Maya Rituals Caused Ancient Decline in Big Game

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"Even as the ancient Maya lived in large cities over thousands of years, they never exploited game animals to extinction or even local decimation," she said.

"The large elite class probably did not act conservatively by recognizing the need to reduce demand for large game," she added.

"Instead they demanded more and more in an attempt to prove their status regardless of the worsening conditions. But this scenario is speculative."

Emery's study appeared recently in the Journal for Nature Conservation.

Lessons for Modern Conservation

Daniela Triadan, a Maya archaeologist at the University of Arizona, said the study "is an important contribution to the discussion about the so-called Maya collapse.

"The findings show that human-environment interactions are very complex and that simplistic overexploitation models do not provide the answers for the [Maya's later] abandonment of the southern lowlands [of Mexico, Belize, and Guatemala]," Triadan said.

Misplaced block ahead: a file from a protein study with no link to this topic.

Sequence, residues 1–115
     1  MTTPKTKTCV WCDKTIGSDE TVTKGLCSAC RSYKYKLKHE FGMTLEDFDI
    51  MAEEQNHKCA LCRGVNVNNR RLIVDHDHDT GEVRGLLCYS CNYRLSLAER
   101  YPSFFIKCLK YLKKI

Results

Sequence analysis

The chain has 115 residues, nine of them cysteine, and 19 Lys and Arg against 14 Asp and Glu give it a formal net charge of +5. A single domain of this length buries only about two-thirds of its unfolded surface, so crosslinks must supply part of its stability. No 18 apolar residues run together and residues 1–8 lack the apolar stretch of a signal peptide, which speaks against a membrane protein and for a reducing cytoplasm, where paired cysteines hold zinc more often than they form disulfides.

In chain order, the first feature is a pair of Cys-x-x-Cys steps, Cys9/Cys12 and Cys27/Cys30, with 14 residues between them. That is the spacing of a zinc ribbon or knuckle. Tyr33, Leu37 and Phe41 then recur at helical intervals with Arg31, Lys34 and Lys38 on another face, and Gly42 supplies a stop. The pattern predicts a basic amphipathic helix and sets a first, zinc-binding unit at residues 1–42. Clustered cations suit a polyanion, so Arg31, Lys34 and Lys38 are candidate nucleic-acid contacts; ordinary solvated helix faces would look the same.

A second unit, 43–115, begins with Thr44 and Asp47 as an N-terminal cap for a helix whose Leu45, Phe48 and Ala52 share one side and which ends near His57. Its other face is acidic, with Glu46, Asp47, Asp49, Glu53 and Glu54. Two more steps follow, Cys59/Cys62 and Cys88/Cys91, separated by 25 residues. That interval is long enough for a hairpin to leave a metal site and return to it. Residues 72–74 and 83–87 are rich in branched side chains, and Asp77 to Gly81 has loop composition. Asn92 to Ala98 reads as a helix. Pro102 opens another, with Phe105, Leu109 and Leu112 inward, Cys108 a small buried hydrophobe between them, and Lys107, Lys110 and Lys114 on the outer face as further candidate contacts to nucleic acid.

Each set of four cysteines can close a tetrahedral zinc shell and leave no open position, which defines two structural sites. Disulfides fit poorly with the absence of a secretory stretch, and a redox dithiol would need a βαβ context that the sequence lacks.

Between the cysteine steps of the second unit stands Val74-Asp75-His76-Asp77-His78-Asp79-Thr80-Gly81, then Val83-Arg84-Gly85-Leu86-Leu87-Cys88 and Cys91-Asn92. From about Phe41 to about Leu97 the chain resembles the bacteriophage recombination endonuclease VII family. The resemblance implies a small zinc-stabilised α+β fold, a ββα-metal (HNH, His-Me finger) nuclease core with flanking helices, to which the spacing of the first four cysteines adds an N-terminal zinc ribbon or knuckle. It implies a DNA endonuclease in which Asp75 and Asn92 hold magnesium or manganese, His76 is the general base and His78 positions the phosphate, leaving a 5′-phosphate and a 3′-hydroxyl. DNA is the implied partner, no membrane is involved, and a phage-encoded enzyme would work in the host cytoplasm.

She said the study is also useful for modern conservation movements.

Triadan cited alarming rates of species disappearance in Guatemala's southern Petén region, a problem she said has worsened since a civil war in the country ended in 1996.

"Population in the area today is not nearly the same as it was during the Late Classic [period, A.D. 600-900]," she said.

"Thus studying how the ancient Maya more or less kept the ecological balance, despite massive deforestation and alterations of the landscape, may provide vital clues into how to manage these fragile environments today."

Others agreed Emery's study is important for understanding ancient Maya practices.

"It is landmark in that it demonstrates that animal bone remains, which many Maya archaeological projects continue to ignore, can provide very critical insight into the nature of ancient Maya environmental adaptation," said Lori E. Wright, a specialist in Maya bioarchaeology at Texas A&M University.

Anabal Ford, an archaeologist from the University of California and director of the MesoAmerican Research Center, praised the study.

"I think that this is a magnificent piece that combines original data with the analyses of existing data, some collected many decades ago," she said.

"The strength of the study is in both the breadth of sites and the time periods covered."

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